Summer safety: preparing for your next adventure

June 15, 2020
A woman rock climbs in this photo. Adventure safety is key, not matter how big or small the adventure.
Adventures near and far, of varying skill levels, all require preparation and planning to ensure summer safety. Photo by Getty Images.

When you’re planning your outdoor adventures, don’t forget to account for summer safety.

For Dr. Nathan Anderson, an emergency medicine physician at UCHealth Yampa Valley Medical Center, the principles are similar to those used in the emergency department.

“Our approach in the (emergency room) is always an ounce of prevention is worth a pound of cure,” Anderson said. “These basic principles can help you avoid trouble, and get out of trouble.”

Know where you’re going

Be ready to face the challenges posed by the environment you’ll be exploring.

“If you’re going for a bike ride out in the backcountry of Moab, you better know how to change a bike tire,” Anderson said. “And if you’re going to do the Zirkle Circle early in the season, you should prepare for some water crossings that are wet, fast and cold.”

Similarly, prepare for weather. To combat the desert’s sun and heat, bring a hat, sunglasses and plenty of sunscreen and light-colored clothing, all of which can help you avoid sunburn and heat-related illness, such as sunstroke (or heat stroke). And to deal with the cold, wet weather or higher elevations, bring rain gear and insulating layers to stay warm and dry as temperatures dip and storms blow in.

Don’t forget your headlamps. “Realize that camping is a 24-hour activity, and the dark is part of that,” Anderson said. “Be prepared to handle the dark with lights and batteries.”

Keep basic summer safety gear on hand: extra water and food, matches and fire starter, a first-aid kit, insect repellent and emergency shelter.

Know what you need

Be prepared to meet your needs for food, water and shelter.

“For that Moab trip, you’re going to need a lot more water than you’d need for a four-mile hike to Fish Creek Falls,” Anderson said. “Or if you’re doing two days of strenuous hiking, be prepared to feed your body.”

Don’t forget that critter encounters are common.

“From moose to mosquitoes to microbes, avoidance is the best policy,” Anderson said.

Always filter water to avoid parasites such as Giardia, which can cause diarrhea, nausea and fatigue. Wear bug repellent to ward off mosquitoes and ticks, which can pass along various diseases such as Rocky Mountain Spotted Fever, West Nile Virus and Lyme disease.

Know how to react to those larger animals. For moose, that means slowly walking away, and avoiding the temptation to take a selfie.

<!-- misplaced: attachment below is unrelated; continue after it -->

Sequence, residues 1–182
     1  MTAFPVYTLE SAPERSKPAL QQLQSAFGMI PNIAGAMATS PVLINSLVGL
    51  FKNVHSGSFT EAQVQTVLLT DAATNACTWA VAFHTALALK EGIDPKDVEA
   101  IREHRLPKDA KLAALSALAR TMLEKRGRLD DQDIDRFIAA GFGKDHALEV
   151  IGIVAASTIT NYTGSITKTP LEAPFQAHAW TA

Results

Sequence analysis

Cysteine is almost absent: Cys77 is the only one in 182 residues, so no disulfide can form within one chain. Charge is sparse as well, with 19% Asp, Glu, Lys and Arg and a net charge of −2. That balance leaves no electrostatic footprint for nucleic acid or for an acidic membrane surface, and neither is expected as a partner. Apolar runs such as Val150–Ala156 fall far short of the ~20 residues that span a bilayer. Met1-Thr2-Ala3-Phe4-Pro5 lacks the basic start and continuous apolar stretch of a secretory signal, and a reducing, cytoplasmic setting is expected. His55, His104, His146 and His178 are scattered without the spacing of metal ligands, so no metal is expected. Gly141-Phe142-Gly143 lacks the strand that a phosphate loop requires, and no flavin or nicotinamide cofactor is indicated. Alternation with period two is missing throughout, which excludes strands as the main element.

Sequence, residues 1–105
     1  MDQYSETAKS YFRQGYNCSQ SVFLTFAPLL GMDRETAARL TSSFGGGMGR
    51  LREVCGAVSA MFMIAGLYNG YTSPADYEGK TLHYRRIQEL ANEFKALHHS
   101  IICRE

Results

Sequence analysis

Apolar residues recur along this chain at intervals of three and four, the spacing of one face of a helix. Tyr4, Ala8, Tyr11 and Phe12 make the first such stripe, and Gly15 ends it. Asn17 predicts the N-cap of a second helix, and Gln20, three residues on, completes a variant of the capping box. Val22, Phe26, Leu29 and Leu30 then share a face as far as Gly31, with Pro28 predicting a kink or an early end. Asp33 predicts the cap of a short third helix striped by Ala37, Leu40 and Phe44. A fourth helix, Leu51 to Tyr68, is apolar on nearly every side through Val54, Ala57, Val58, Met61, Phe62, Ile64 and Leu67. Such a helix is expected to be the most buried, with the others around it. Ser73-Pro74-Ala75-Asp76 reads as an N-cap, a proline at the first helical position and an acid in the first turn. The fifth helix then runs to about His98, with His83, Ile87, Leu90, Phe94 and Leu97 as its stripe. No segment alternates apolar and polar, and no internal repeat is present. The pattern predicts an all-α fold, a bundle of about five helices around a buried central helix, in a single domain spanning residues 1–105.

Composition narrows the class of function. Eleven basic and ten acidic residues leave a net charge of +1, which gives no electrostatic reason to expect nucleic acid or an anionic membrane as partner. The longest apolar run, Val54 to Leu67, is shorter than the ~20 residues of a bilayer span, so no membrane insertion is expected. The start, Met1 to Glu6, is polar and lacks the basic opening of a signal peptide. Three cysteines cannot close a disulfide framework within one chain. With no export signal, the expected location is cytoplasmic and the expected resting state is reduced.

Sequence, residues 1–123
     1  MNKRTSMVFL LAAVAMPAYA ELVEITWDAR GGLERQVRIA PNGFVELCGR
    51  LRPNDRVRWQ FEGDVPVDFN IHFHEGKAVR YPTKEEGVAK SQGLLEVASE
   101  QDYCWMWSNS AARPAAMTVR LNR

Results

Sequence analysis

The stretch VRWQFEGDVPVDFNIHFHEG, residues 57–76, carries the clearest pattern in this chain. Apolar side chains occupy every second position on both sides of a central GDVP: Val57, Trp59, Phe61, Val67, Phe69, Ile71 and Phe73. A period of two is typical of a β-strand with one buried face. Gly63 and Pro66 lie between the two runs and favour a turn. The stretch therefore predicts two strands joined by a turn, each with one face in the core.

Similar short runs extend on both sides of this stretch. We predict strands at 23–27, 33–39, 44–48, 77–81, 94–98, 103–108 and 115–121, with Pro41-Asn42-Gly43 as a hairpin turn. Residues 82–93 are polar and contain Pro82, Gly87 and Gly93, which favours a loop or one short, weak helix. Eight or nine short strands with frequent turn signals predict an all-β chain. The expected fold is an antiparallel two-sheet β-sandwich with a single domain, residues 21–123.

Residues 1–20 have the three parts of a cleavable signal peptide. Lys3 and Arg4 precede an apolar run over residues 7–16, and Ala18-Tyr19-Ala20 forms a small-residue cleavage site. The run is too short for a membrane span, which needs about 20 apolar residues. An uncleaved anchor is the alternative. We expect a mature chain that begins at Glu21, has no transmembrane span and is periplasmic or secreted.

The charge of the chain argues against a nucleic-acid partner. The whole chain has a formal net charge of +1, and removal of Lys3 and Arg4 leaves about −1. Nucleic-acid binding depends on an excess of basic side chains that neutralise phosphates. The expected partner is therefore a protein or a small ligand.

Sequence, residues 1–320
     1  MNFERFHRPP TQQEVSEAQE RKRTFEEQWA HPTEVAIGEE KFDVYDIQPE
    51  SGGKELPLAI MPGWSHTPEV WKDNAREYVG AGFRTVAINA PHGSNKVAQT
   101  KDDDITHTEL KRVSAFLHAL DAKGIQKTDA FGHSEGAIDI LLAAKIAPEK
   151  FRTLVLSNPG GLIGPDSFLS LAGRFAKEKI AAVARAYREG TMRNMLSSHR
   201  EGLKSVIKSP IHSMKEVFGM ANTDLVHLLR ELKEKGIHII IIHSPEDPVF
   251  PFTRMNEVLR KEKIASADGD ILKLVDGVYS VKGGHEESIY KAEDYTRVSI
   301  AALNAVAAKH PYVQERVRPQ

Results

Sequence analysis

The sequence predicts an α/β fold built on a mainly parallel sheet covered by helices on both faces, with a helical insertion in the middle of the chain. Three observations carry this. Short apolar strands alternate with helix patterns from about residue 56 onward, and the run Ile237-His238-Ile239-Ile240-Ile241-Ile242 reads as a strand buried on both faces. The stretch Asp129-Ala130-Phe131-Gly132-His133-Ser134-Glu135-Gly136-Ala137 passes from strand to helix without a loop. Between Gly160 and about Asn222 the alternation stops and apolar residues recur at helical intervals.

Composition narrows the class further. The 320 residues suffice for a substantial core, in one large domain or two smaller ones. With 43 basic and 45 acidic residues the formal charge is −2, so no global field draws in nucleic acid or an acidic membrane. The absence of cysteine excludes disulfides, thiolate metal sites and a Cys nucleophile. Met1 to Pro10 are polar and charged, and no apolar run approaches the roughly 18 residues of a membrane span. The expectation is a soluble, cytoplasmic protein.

Also be ready to help others with you, especially young children.

“Not only are you responsible for taking care of yourself and your needs, but you might be asked to do that for your companions,” Anderson said. “This is especially important for people who are hiking with kids. They’re strong aerobically, but they’re also very fragile and vulnerable.”

Anticipate trouble

Always leave an itinerary with a friend or coworker. “If you don’t show up, they’ll know where to look,” Anderson said. “Whether that’s at Devil’s Causeway in the Flat Tops, or down in Denver.”

Have a fully charged cell phone and a backup source of power. And don’t go it alone: bring a buddy, so you can help each other through any injuries or issues.

Never underestimate the expertise your particular trip entails. A two-hour tube float down the Yampa River is not the same as a three-day rafting trip through the Gates of Lodore.

“The longer or more remote or more technical your trip, the more preparation, more equipment and more knowledge it takes,” Anderson said. “If any one of those three facets is shortchanged, you’re setting yourself up for disaster.”

Don’t forget that time spent preparing and anticipating challenges pays off.

“There’s always a risk of a freak accident – it happens to the best Himalayan mountaineers,” Anderson said. “But you can reduce the likelihood of one happening by anticipating and preparing for issues, leaving a way out and being up to the task you’ve selected.”

This article first appeared in the Steamboat Pilot & Today.

About the author

Susan Cunningham lives in the Colorado Rocky Mountains with her husband and two daughters. She enjoys science nearly as much as writing: she’s traveled to the bottom of the ocean via submarine to observe life at hydrothermal vents, camped out on an island of birds to study tern behavior, and now spends time in an office writing and analyzing data. She blogs about writing and science at